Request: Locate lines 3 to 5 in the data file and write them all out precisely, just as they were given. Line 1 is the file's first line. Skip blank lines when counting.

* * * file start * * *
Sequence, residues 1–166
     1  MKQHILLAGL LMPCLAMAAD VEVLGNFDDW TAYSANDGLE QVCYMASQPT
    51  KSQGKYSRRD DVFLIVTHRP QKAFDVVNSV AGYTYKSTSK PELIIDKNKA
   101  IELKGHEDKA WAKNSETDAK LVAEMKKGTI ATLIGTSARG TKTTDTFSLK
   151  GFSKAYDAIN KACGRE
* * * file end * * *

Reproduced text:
    51  KSQGKYSRRD DVFLIVTHRP QKAFDVVNSV AGYTYKSTSK PELIIDKNKA
   101  IELKGHEDKA WAKNSETDAK LVAEMKKGTI ATLIGTSARG TKTTDTFSLK
   151  GFSKAYDAIN KACGRE